After the Report
Last week, two of America's most respected leaders in Iraq, General David Petraeus and Ambassador Ryan Crocker, delivered a report on the progress and status of the war in Iraq. The report indicated that there have been substantial successes and that the recent troop surge has worked to increase security in the country. And, though there is still much to be done in Iraq, the General and the Ambassador presented undeniable evidence that in the past eight to twelve weeks, the security strategy in Baghdad has worked to diminish sectarian violence. In fact, our troops have seen some of their greatest success in Anbar Province, where the level of violence has declined steadily for over six straight months. This has occurred, in part, because of our efforts to defeat Al-Qaeda's movement of terror in Iraq that originated in the Anbar region. I believe that General Petraeus's assessment demonstrates that because we have fought these battles in Iraq, we have helped to diminish Al-Qaeda's ability to attack America.
I believe General Petraeus and Ambassador Crocker's recommendations to gradually draw down our troops are prudent. Though, this must be done in an orderly and appropriately-paced manner that will maximize security for the troops who remain.
In his testimony General Petraeus noted that premature withdrawal of our forces in Iraq could cause immense human suffering for thousands of Iraqis and would further exacerbate the number of refugees that would be forced to flee to neighboring countries. Furthermore, failure in Iraq precipitated by a premature withdrawal will leave a power void that will almost certainly be filled by Iran. That is not a risk the United States can afford to take.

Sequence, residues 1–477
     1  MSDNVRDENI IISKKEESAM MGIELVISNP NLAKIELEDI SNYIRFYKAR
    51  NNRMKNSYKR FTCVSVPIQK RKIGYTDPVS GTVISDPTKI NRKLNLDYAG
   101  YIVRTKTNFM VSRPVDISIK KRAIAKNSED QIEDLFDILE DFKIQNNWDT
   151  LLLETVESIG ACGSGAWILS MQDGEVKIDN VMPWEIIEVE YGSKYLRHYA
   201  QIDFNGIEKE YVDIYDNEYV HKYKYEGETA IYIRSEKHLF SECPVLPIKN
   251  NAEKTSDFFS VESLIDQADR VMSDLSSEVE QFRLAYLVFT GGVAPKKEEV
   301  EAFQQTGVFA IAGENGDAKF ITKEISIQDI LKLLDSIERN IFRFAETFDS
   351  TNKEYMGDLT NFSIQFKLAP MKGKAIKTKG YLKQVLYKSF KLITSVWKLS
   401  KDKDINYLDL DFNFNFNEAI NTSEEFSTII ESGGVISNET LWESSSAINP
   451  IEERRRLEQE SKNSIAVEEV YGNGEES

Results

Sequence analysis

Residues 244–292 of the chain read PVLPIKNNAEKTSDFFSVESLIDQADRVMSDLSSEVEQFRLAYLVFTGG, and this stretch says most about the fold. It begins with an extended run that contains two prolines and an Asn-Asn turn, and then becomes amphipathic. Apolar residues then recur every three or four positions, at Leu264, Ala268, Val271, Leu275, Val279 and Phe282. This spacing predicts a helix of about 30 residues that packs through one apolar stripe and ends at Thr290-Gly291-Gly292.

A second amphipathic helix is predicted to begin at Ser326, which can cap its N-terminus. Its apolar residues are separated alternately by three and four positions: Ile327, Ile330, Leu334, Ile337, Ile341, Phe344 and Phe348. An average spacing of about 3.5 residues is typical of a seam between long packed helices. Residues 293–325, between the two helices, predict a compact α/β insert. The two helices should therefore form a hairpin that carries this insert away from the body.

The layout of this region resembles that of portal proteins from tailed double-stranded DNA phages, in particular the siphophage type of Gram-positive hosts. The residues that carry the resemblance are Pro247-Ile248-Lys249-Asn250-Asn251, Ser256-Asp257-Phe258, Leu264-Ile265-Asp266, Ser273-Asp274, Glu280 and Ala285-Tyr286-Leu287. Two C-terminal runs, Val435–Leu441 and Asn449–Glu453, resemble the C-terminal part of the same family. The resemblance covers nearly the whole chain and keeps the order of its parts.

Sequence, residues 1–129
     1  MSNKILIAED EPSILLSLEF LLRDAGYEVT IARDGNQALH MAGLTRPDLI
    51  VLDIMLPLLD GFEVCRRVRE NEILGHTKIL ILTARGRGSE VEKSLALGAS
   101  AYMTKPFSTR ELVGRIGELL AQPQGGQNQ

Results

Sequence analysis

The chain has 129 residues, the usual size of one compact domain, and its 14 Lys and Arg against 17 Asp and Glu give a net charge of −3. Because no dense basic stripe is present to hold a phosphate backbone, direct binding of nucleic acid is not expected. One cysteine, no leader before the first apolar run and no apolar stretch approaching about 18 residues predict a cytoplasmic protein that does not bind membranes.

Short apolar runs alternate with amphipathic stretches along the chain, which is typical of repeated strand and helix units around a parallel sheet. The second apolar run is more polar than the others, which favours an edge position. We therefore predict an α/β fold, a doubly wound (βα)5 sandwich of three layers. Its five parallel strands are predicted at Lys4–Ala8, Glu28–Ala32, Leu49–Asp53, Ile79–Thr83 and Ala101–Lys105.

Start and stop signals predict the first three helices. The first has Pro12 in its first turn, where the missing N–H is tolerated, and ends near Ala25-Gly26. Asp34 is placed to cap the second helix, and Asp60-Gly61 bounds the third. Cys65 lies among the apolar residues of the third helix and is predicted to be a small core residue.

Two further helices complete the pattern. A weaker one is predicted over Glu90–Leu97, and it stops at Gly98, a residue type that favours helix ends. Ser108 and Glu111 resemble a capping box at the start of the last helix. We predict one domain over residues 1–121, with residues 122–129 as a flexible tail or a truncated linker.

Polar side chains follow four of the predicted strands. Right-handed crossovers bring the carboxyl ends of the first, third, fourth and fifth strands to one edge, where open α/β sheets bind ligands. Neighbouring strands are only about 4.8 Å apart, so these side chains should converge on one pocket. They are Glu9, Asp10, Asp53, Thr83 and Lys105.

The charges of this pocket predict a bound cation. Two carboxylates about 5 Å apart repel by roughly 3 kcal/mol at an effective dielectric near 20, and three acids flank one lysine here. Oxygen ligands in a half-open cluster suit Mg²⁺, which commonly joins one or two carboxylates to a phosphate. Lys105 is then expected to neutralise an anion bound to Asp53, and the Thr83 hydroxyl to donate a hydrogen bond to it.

It is critical for U.S. policy makers to work together and give our military and the elected Iraqi leaders the time they need to effectively establish stability in Iraq. It is crucial that our future actions in Iraq should reflect what is best for our soldiers while bolstering a safer and more secure Middle East. I believe our military leaders have laid out a prudent plan that will achieve those goals. We should follow their recommendations rather than those of politicians in Washington, D.C.
General Petraeus and Ambassador Crocker have given the public an honest assessment of the progress that has been made in Iraq as well as the difficulties that remain. I believe it is wise to listen to the recommendations given by these two career professionals. They are dedicated patriots with absolutely no political axes to grind. I believe they will continue to offer Congress and the President a clear course of action informed by their knowledge of political and military events occurring in Iraq. American leaders need to reject the temptation to politicize the situation in Iraq and instead, heed the advice of people like General Petraeus and Ambassador Crocker who actually know what they are talking about.